This is entirely anecdotal and maybe not applicable, but Granny Franny had obsessive-compulsive personality disorder, not to be confused with OCD, Pure-O, or whatever this letter writer’s husband has. But there could be some general overlap. Granny Franny couldn’t be made to see that her beliefs were rigid, uptight, and limiting. She was completely unable to accept that she was wrong about so many things. And so with the OCD spectrum, I sense a lot of uptightness and inability to believe it if someone were to tell you, “You shouldn’t be throwing your wife’s albums away,” if that makes sense. But with a personality disorder, the beliefs are heavily ingrained, and this guy might not have a personality disorder. Let’s hope. It’s just the sense I get about the letter writer’s husband, that he’s acting this way without apology or remorse. That might not bode well.

Hopefully he’ll be willing to acknowledge that what he’s doing is wrong, and he’ll be willing to seek medical help. Here’s hoping.

5 thoughts on “So we’ve diagnosed it. Does that justify it?

  1. What’s missing here is husband’s reaction to all of this. The only hint at it is “I can’t seem to make him understand the problem.” It suggests that the issue isn’t that he’s not doing anything about the problem; more likely, he just doesn’t think it’s a problem to begin with. All the counselling in the world isn’t going to do anything if he just doesn’t want her sentimental crap lying around the house.

    Liked by 2 people

  2. It also caught my attention that she doesn’t really share anything about her husband’s reaction to all that. It could be because there was none and perhaps when she talks to him about all that he just doesn’t even respond and God knows if he even listens, or maybe he doesn’t know what to say or something because he may feel like that’s something out of his control so whatever he says won’t change much, or it may be that she just shared it totally from her own perspective and chose not to mention her husband’s reaction, on purpose or not, perhaps because what’s going on for her in her own mind was more important to her and she didn’t think it would be a good idea to share what the other side is saying to provide a clearer picture.
    I had a weird thought reading this letter, I may be totally off with this, because I don’t really have much of an idea about compulsive decluttering, but somehow I had a thought that maybe it’s something more neurological than psychological/psychiatric. Because she said he’ll toss out everything he doesn’t recognise. If these albums were so dear to her and her family, I have a hard time believing he had never, ever seen them before and just one day found them in her drawer and decided totally willfully: “Huh, I don’t even know what it is, let’s just get rid of this”. So maybe I’m making up fancy excuses for that but I just wouldn’t be surprised if there was something like some sort of an agnosia at play, or some other cognitive mishap, plus possibly some compulsion but again not necessarily of a purely psychological nature. It’s just so weird that I don’t think a person with OCD or any of its variants, unless it’s somehow super severe, would do such things and so often that you’d have to go through the garbage regularly. And if that was really the case, I think a person with OCD would have more of an insight into the problem. I also don’t think just therapy alone would help with that.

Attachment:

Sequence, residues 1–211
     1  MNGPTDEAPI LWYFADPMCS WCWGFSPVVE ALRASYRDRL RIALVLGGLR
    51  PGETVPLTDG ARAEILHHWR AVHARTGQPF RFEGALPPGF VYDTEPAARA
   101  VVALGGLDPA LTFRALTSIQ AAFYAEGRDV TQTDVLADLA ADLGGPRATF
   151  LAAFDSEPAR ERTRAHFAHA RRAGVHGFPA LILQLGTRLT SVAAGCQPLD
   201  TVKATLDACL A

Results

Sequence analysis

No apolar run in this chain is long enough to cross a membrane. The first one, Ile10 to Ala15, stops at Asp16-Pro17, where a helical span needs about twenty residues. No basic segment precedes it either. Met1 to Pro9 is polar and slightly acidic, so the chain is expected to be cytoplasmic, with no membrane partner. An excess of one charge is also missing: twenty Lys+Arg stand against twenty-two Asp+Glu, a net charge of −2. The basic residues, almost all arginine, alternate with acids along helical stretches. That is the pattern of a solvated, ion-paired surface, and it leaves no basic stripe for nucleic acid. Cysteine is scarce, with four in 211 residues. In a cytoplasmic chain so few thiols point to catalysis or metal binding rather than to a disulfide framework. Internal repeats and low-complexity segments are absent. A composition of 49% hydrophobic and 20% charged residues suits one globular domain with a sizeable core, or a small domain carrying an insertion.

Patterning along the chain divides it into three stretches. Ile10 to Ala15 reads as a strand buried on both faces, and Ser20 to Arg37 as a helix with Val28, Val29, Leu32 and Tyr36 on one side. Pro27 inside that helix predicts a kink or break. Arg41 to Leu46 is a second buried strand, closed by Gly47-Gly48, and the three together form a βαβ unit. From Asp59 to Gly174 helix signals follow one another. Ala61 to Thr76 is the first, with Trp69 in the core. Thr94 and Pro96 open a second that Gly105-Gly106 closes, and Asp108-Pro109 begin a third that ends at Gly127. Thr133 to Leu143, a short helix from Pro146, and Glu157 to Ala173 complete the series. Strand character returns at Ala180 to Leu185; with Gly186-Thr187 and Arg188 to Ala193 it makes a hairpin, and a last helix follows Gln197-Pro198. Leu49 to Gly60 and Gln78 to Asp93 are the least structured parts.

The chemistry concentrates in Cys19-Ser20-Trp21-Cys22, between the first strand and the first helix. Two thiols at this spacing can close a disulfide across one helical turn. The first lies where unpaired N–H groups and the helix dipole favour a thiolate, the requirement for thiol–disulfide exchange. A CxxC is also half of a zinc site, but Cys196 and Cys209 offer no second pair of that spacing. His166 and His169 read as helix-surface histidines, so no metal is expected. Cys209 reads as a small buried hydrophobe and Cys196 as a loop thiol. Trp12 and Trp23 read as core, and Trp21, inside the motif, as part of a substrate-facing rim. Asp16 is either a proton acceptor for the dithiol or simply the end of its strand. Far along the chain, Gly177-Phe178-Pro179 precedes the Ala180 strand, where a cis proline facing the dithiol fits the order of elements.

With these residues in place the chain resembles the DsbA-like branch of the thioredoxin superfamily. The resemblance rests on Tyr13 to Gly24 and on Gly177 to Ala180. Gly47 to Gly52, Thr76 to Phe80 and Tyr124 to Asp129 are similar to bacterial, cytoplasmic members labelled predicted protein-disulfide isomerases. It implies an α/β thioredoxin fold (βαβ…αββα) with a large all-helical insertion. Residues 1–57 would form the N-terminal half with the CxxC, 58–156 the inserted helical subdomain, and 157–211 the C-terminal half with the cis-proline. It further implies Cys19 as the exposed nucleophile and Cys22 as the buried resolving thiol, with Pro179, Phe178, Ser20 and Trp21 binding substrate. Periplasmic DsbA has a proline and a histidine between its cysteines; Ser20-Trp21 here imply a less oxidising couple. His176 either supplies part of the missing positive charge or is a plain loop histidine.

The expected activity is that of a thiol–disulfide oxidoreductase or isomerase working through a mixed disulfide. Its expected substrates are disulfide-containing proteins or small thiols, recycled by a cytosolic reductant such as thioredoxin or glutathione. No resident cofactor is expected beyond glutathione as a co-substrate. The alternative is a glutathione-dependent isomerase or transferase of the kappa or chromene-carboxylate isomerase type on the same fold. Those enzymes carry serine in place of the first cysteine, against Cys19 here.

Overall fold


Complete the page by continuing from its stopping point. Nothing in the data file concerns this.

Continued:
If he does do it on purpose or has any control over it, that’s super creepy.

    Liked by 1 person

    1. Oh wow, you’re a genius. Neurological!! That makes sense!! Like a brain tumor, or a minor stroke, or cognitive decline? Hello! I think you’re onto something!! I’m not too familiar with agnosia, but it makes a lot of sense!! Score!!

      You know what else would’ve been helpful? Not just her husband’s reaction, but how long he’s been doing this, and his history of it–did it start overnight, did it come on gradually, could it have anything to do with his parents, etc., etc. But yeah, now I hope the guy sees a neurologist posthaste!! 😮

      Liked by 1 person

      1. I’m not all that familiar with agnosias either, but it just feels as if it could be neurological.
        And yes, this letter really lacks some more insight into the situation, we don’t really get to know much at all from it so it’s hard to say anything.

        Liked by 1 person